A Rock And A Hard Place? Or…

Life’s sweet spots sometimes come towards the end of big struggles. I admit I create many of my own struggles, wrestling with how to be kind to a perpetually irksome person, or with the plight of the nearly-extinct white-bellied spider monkey. Oh, and how my country, the whole world even, can be a place where humans can actually live.

In the midst of these inner writhings, I haven’t remembered yet that I’d asked God and His/Her Universe to please get me to a higher level of understanding,  whatever it takes.  So, if I’m to be truly honest, what I’m really asking for is to feel better. I want to be more peaceful, less in turmoil, more comfortable in my own skin. To cross this or that particular demon off  the list.

At the beginning, when I’m miserable and churning, I see my need for divine intervention. I know I need to do the simple-sounding work of letting go. Simple, but not easy. I begin to feel alone in the struggle. Where are you, God? I’m showing up to this mess, which you apparently led me to do. Now what?

Feels like I’m between a rock and a hard place. A very gray area. I sit like a cartoon character with that wisp of smoke sketched above his head. No words. Unhappy. Feeling sorry for myself.

I could just keep griping to the heavens, but, although I do have lots to be concerned about, I’m not very happy being habitually miserable. I decide to go into town early in the morning for a quiet coffee.

I don’t feel like going to my usual haunt where people know me, so I walk up the street to another one. There’s a giant peace symbol painted on the side of a building. Never noticed it before. On close inspection, one can see that the paint is old. Guess I hadn’t walked in this direction on this street in this spot for a while. The peace symbol mocks me. I smirk.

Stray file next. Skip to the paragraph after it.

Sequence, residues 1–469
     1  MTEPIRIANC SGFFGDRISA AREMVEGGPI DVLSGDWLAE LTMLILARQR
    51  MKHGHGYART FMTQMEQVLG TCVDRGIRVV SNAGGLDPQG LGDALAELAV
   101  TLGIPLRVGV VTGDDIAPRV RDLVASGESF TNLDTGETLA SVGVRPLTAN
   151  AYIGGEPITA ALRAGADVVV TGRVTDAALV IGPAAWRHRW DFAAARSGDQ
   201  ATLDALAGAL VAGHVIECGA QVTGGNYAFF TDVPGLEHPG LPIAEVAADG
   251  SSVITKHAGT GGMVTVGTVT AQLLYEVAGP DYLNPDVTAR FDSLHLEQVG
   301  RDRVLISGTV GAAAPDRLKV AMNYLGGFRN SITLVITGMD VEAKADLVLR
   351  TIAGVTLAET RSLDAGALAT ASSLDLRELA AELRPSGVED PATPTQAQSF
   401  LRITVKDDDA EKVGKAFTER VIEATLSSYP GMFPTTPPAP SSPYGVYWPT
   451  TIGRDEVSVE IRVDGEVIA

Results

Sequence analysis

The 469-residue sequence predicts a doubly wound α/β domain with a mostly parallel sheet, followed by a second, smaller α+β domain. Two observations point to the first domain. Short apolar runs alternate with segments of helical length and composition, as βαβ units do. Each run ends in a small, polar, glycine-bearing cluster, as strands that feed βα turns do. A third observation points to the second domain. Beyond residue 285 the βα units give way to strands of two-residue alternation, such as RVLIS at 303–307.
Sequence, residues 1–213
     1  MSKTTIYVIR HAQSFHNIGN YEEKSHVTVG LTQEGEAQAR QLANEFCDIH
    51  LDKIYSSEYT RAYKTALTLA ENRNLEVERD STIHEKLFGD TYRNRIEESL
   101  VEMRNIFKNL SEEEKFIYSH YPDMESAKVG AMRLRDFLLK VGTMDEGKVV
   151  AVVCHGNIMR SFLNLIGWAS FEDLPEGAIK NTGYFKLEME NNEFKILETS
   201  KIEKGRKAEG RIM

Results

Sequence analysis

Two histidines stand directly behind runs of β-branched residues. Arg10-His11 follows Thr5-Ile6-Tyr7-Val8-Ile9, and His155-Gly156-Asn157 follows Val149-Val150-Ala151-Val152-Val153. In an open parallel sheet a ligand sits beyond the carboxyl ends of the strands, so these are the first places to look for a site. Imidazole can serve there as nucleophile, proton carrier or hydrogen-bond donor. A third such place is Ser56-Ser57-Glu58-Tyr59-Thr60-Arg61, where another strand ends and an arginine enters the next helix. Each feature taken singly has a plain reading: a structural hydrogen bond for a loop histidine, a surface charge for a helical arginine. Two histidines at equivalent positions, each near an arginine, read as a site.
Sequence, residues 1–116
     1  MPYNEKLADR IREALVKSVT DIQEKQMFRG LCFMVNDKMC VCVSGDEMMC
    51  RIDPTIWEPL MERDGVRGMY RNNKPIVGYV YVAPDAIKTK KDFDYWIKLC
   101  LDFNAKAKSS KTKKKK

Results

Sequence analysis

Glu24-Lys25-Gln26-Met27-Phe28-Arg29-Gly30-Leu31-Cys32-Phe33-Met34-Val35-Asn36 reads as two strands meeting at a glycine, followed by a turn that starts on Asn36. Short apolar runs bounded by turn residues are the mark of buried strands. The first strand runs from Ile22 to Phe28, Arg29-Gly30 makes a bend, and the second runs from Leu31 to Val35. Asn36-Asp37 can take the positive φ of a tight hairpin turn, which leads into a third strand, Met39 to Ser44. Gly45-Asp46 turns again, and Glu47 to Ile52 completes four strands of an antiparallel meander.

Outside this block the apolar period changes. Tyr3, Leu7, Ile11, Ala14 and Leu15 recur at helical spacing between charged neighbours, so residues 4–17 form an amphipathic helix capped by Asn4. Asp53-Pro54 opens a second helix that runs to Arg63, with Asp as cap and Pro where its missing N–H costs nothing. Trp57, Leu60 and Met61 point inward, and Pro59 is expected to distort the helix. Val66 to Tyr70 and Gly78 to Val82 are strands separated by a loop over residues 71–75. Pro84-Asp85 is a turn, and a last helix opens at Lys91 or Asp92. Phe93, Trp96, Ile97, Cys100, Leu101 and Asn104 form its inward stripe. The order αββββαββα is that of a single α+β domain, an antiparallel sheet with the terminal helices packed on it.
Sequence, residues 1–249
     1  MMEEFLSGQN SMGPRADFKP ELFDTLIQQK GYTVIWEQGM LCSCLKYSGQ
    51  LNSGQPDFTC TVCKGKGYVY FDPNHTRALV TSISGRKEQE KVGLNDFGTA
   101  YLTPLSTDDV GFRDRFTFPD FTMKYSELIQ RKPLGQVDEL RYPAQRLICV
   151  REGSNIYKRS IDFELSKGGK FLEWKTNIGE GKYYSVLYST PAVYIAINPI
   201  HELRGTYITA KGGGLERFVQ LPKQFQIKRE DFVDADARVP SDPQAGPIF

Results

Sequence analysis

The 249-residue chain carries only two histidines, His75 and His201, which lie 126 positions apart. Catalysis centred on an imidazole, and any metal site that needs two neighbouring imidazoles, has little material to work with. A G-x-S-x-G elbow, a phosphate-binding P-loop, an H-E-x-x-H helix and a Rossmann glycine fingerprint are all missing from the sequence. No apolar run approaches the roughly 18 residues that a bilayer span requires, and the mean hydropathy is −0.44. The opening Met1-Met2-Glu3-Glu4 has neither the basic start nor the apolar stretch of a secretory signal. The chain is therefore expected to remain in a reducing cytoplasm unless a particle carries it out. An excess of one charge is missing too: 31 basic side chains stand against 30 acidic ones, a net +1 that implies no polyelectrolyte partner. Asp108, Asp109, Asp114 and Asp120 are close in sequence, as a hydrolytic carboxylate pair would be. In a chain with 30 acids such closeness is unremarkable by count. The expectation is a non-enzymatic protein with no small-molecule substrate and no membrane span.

In the coffee shop, I hesitate for a moment when I see a familiar face–dang! The homeless guy. He’s usually in the other coffee shop. Not in the mood, but I nod to him. Sigh. I ask him if he’d like some breakfast today. He says yes. I’m glad when he retreats to eat his breakfast on his own. I’m not very good company.

Later that day I go to see my mother. To keep my thoughts from going all gloomy as I drive, I hit play on my podcast list. On Beingthis time with Glenn Beck formerly of Fox News as guest. (You can read the transcript with a click on the link above.) Here’s the gist: host Krista Tippett spoke with Mr. Beck about how he had been an extremely anti-Obama Fox News personality, then converted to Mormonism, and now sees that no matter where we are politically, we can find the things we have in common with our political opposites. I am (was?) Glenn Beck’s political and religious opposite, but there he was, addressing one of my own concerns, an echo of what I’ve been thinking. His about-face challenged and humbled me. I cried, there in the car. The interview took me out of my own head and gave me a little bit of hope for the future of my country and the world. This has been one of my biggest struggles lately.

Almost at my mother’s house, I notice for the first time ever the skyline of the city beyond her town. Never noticed it before, even though I’ve driven down that same street a million times. I used to live on that street, for crying out loud! Never, ever noticed that skyline. Didn’t realize the city was that high up on a hill, or how beautiful it is on a cloudy day. I was astounded at how I could have had such limited perspective. Again, tears, and a strange relief.

I went on that day to cross off to-do’s, both pleasurable and mundane. I may have smiled a little. There are still life’s very big questions. That’s OK, I think. Between the rocks and hard places, there’s the universe, powered by Love, which I call God, always with me in the struggle.